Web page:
UNCF Chief Makes Case for National Policy on International Education
By Tony WashingtonSAN ANTONIO
Although William H. Gray III, president of the United Negro College Fund, joked with NAFSA conference attendees that the Baptist minister in him could easily extend his allotted speaking time, he was preaching to the choir when he extolled an audience of international educators on their work in encouraging students to study abroad.
“You are developing citizens of the world who’ll understand the global village,” Gray told participants. “You are developing citizens of the world who have the experience to address global and strategic needs. You are strengthening the world to solve global problems.”
Gray delivered his plenary address during the business meeting of NAFSA, a national organization promoting the exchange of students and scholars to and from the United States. Members of the association gathered in San Antonio in late May for the 54th annual conference featuring a distinguished lineup of speakers and an International Education Expo with more than 250 exhibitors.
In his address, Gray echoed the association’s mission emphasizing the importance of internationalizing every student’s education.
“It’s rare to find a college student today who has specific expertise in another part of the world,” he said. “It’s also hard to find one who is proficient in a second language.” On the bright side, he said, international education programs enjoy positive public opinion. For example, 83 percent of Americans believe international programs enrich campus life.
But despite America’s professed support, many still think of studying abroad as a luxury for those who can afford it. As a result, the United States has fallen considerably short in bridging the gap between voicing support for international education and committing resources to make studying abroad an integral part of the college experience.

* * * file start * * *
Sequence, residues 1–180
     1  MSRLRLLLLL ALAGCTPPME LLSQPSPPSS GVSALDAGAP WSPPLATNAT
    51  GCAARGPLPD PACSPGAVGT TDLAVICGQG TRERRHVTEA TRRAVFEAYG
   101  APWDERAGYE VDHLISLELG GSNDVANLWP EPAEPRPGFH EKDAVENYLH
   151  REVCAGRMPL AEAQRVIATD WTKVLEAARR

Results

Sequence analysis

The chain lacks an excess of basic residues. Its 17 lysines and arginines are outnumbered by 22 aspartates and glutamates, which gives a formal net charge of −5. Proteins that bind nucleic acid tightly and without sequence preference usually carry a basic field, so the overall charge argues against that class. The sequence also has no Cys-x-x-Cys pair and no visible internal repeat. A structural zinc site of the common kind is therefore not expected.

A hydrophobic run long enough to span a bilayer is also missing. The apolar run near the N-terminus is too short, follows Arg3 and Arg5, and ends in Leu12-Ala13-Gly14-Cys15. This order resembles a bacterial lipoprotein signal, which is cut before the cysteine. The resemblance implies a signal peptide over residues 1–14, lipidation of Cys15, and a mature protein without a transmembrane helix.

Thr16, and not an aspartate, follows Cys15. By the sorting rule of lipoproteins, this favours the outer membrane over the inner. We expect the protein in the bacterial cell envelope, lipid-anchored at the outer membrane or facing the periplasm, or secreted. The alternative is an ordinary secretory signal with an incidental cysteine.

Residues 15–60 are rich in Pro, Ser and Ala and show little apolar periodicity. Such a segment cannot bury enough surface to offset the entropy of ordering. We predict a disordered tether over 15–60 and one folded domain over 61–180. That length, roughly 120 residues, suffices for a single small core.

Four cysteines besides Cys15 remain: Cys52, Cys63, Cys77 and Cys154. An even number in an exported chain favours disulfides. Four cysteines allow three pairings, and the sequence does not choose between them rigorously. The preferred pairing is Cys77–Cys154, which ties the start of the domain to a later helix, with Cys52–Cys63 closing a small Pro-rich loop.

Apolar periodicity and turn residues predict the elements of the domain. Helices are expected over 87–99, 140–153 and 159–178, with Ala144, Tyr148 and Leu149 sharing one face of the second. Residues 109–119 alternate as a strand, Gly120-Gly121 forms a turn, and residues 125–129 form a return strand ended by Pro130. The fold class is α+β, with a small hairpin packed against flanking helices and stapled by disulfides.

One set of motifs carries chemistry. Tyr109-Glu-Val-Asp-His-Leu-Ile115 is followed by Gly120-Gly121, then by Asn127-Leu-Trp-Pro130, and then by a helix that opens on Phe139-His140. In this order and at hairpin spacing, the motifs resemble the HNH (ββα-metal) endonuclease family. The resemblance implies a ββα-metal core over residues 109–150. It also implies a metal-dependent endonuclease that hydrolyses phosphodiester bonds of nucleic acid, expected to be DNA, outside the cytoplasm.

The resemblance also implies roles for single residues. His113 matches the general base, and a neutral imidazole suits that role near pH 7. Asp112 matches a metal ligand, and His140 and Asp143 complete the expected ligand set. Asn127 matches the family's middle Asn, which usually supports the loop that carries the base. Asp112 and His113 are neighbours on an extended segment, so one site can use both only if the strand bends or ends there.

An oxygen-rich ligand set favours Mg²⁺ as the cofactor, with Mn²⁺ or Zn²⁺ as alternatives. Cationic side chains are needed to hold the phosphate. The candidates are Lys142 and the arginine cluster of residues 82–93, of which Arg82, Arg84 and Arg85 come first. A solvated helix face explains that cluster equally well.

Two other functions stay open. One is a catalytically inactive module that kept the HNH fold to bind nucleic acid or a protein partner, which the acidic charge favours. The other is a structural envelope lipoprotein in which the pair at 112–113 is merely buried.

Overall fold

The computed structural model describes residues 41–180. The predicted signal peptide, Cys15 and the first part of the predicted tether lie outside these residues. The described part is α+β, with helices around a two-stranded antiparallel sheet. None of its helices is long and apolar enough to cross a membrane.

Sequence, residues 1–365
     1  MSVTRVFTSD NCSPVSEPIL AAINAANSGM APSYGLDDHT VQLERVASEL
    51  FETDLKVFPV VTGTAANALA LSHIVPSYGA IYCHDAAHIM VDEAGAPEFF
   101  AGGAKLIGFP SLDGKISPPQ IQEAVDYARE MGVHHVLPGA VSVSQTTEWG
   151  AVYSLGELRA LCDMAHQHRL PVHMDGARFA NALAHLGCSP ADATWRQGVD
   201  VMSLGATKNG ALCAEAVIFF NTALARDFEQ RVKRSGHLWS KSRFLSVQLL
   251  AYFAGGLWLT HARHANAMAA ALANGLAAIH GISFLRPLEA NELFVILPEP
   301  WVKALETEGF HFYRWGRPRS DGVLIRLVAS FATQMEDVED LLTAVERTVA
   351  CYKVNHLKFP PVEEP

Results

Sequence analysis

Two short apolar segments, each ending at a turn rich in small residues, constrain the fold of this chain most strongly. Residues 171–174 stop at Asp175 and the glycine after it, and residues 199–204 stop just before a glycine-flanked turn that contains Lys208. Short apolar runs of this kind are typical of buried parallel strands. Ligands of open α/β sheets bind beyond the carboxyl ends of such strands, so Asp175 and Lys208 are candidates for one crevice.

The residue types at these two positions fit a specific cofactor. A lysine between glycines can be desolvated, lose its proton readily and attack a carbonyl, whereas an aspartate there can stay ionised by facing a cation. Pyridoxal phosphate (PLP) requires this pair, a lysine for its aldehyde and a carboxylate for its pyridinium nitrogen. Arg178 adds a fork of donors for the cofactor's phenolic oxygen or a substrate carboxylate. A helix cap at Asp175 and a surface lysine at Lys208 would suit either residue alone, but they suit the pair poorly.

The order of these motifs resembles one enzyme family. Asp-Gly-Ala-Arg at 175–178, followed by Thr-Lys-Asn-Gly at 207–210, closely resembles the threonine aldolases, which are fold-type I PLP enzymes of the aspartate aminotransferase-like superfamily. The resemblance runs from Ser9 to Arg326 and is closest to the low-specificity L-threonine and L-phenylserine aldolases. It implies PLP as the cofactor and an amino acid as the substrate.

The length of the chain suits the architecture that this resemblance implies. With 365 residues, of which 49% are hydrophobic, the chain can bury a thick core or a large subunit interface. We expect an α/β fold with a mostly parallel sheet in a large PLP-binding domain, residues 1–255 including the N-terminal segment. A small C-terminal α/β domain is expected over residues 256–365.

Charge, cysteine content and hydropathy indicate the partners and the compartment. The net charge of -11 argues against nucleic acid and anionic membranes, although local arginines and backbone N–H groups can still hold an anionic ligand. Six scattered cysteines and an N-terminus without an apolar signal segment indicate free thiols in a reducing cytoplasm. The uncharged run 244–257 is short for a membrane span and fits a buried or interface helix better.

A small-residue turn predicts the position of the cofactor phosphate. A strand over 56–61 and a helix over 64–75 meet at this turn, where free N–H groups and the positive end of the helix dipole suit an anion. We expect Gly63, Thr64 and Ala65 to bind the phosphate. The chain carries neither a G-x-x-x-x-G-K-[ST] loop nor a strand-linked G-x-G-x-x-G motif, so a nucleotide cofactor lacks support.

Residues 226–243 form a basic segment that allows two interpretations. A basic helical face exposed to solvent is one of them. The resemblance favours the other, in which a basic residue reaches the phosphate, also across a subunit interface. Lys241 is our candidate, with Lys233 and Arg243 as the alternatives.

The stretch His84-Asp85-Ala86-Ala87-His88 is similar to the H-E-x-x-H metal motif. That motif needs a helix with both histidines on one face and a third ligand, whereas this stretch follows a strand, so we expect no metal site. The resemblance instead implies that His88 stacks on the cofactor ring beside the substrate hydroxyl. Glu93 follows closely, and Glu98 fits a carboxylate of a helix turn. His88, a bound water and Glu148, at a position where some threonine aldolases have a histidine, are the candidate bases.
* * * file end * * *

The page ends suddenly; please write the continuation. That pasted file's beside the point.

Gray said the government, private sector and education system all have a role to play in promoting international awareness and education.
As globalization continues to shrink borders and expand markets, nations face increasing conflicts — political, financial, religious and cultural. In the wake of these challenges, the real question is no longer why international study programs are important, but how long America can afford not to be investing in them, Gray said.
Although Gray will find allies in the mainstream push for international education, his role as president of a national fund supporting Black colleges and universities will lend a strong minority voice to the discussion on a national policy.
“As we strive to provide international and intercultural competencies to the next generation of leaders, it is important that all be included,” says Dr. Geremie Sawadogo. “Including minority students will not only provide useful skills to the participants but will also help address stereotypes that still persist abroad about minorities in the U.S.”
Sawadogo, director of international and intercultural education at Maricopa Community Colleges, agreed that resources were tight for students of color. “Because they are carried out overseas, participants cannot engage in work-study and other income-generating activities,” Sawadogo said.
Of all the students who studied abroad during 1999, Gray reported that 3.3 percent were African American, 5.2 percent were Latino and 4.4 percent were Asian Americans. According to Gray, no Black college ranked in the top 20 of colleges sending students to study abroad. And no college serving minority communities ranked in the top 50 of colleges with international programs.
© Copyright 2005 by DiverseEducation.com